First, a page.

I would probably be considered "rich" by many and certainly we have a high income (two six figure incomes) and a good standard of living. Most of our friends are in a similar position and are well educated, read about current affairs and economic issues and have thought it through. The vast majority do not want brexit. Those who did vote to leave (2 that I know of) work in the NHS and admit now they were short sighted. They are also in the fortunate "jobs for life" category, being hospital consultants/surgeons. I also know two older retired people who voted to leave. Both are labour voters, one a labour party member. They both voted to leave because "it was good before" hmm idiots

But the reality is that those with higher incomes can cope with food, energy and transportation costs doubling. Its annoying but they are not as likely to be in the position where they can't afford to buy the food that is available. I think that leads to a degree of complacency. I have stockpiled food since I think there will be shortages and I don't want the hassle and worry but I have friends (again NHS consultants with guaranteed jobs) who just laugh and say if they had to pay four times as much for food for a few months it wouldn't be the end of the world for them.

The super rich you are referring to such as the Jacob Rees Moggs of the world want to swoop in and buy property and other assets and want the power that comes from selling the masses a bunch of lies.

Linseedlill Sat 10-Aug-19 09:56:12

Because like Dyson said, outside of the "constraints" of EU employee legislation, employers can enjoy a "more flexible employment market" which basically means workers will have fewer rights, which in turn means more profits for the managers and owners and banks.

And because the rich are comfortable enough to withstand the disruption! Most investment banks have moved to new premises in other countries (some within the EU) and in the short term, a crisis of this sort will be of benefit to some, ie there will be a flurry of trades by fund managers hoping to benefit from the volatility of the interest rates, foreign exchange markets and credit spreads, especially if we crash out with no deal.

I think the problem is very much Brexit itself. Parliament has no mandate for a no deal. For the ordinary man and woman on the street, the ramifications of leaving the EU will not suddenly end on 31st October, that is the start date for a decade of disruption.

berlinbabylon Mon 12-Aug-19 13:38:49

Having a bonfire of workers' rights was a big reason I think. If they don't have to pay their workers a living wage, and can hire and fire at will, it makes them more profitable.

Although to be fair I think Amazon said it thought the UK should remain, and they are not exactly known for either paying tax or protecting workers' rights. So it doesn't always follow.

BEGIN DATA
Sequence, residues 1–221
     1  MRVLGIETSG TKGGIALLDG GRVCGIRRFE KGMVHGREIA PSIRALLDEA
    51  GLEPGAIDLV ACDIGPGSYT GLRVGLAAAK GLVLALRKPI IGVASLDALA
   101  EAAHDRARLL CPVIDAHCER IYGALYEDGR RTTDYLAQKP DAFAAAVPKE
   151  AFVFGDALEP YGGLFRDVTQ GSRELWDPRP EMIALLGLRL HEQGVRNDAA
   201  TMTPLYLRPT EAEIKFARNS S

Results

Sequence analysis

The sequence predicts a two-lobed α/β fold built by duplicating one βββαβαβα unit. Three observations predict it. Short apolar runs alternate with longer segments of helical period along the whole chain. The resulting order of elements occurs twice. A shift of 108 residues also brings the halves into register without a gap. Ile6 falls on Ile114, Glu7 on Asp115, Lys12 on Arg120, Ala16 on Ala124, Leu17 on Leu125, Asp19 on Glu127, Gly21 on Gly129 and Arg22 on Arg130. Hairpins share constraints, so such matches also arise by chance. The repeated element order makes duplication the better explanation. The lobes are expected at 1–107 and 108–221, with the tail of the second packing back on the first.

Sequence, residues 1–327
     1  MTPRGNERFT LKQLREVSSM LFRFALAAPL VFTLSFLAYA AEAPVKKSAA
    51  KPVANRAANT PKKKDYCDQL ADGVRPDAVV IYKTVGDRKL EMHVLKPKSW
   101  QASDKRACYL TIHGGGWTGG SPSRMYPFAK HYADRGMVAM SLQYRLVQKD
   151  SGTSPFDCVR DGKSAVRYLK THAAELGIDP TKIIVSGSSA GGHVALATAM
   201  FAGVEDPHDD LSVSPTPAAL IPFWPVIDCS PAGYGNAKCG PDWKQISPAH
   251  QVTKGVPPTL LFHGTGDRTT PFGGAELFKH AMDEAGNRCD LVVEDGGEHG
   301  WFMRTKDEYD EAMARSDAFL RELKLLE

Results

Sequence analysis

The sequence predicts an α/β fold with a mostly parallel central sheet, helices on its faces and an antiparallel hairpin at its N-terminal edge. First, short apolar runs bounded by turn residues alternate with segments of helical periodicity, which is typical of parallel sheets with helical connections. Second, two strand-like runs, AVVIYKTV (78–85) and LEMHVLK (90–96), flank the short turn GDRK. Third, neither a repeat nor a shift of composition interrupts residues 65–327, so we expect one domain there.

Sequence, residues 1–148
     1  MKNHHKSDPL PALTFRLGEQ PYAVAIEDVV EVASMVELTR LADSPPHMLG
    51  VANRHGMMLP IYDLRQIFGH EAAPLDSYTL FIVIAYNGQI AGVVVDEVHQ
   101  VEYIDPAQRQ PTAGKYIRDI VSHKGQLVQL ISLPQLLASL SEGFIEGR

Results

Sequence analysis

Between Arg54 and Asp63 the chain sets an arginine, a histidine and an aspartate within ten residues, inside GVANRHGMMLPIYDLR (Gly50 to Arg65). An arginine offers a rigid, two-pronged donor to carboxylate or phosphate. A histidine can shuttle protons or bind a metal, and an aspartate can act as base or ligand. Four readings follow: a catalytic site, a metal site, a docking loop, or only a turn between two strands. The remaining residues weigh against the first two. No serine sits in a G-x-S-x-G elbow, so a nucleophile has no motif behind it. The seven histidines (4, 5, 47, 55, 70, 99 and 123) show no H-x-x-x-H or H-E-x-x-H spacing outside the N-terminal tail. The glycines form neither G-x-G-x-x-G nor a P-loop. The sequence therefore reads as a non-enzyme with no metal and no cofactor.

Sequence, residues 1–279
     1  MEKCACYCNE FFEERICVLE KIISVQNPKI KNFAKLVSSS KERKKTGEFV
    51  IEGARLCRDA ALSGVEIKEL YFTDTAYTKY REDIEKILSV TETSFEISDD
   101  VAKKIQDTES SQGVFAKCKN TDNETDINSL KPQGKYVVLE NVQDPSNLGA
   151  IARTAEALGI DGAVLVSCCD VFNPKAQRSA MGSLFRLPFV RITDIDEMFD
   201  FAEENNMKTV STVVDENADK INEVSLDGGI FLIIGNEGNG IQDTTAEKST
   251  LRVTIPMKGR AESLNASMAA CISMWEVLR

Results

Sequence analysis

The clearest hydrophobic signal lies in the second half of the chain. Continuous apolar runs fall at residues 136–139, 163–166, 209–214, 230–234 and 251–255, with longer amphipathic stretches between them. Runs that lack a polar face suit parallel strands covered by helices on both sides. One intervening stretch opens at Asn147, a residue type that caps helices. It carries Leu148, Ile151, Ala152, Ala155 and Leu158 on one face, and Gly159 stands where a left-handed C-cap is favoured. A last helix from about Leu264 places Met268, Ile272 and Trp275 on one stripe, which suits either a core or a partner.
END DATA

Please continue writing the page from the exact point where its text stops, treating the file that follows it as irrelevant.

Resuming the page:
Mistigri Mon 12-Aug-19 14:42:02

The City, Banks, large industrial companies, investors and others are all ready,

I work in planning for a large industrial company and tbh I see no clear evidence of readiness.

My experience is that Brexit planners in industry often aren't people with particular expertise, they are just regular managers seconded to a committee with limited clout. So Brexit preparations are mainly dependent upon people at board level being sufficiently switched on to drive big decisions, I suspect they probably are pretty clued up in some sectors (pharma, big car companies); much less so in others.

BogglesGoggles Mon 12-Aug-19 14:46:57

EU stifles economic growth/generally quite illiberal and wealthy people like the freedom that comes with wealth and want more of it.

Mistigri Mon 12-Aug-19 14:52:21

The EU enables ordinary people to move for work or retirement.

The rich do not need the EU to enjoy freedom of movement.

frozendaisy Mon 12-Aug-19 15:54:55

Some very rich trade against currencies - not sure how but would like to find out as it can make a fair bit of easy money if you do it right

AquaPris Mon 12-Aug-19 16:04:45

They don't - rich men are lying and saying they want no deal to manipulate the working class leavers into voting them into power. Boris for example was always pro EU until it appeared the only way he'd claw his way into power was by fronting Leave.

Why would any rich people want to limit their business options, raise tax on their imports or possibly lose rights on their properties in other EU countries?

Helmetbymidnight Mon 12-Aug-19 18:37:48

the 'comfortably off' property owning over 60s, who constitute masses of leave voters think they can take the economic hit. the ones i know say things like how great it will be to have seasonal veg again/people are too fat etc etc.

the super-rich - like jrm, boris, farage, banks etc etc will do/already are doing well out of brexit- tax avoidance, money overseas, disaster capitalism, fewer worker protections, fewer environmental protections = win, win, win.

jasjas1973 Mon 12-Aug-19 19:50:10

Why would any rich people want to limit their business options, raise tax on their imports or possibly lose rights on their properties in other EU countries?

For the super rich, as opposed to 'boomers, will make so much more money out of dollar investment earnings, that it will off-set any extra spending in Europe.
Should things go really bad here, they can buy EU residency (or anywhere else for that matter) such as the Golden Visa Scheme in Portugal.

BubblesBuddy Mon 12-Aug-19 23:32:45

I’m over 60 and DH and i were always Remain and still are. We are comfortably off with several homes and property plus other investments but: we do realise what a no deal and Brexit could mean to others. Our holiday exchange rate is now awful, but it won’t stop us doing anything. We are still able to help our DDs out financially and I don’t think our world will grind to a halt. I think others less fortunate really will notice price rises. The £/$ exchange rate will make petrol more expensive soon. We import more than we export.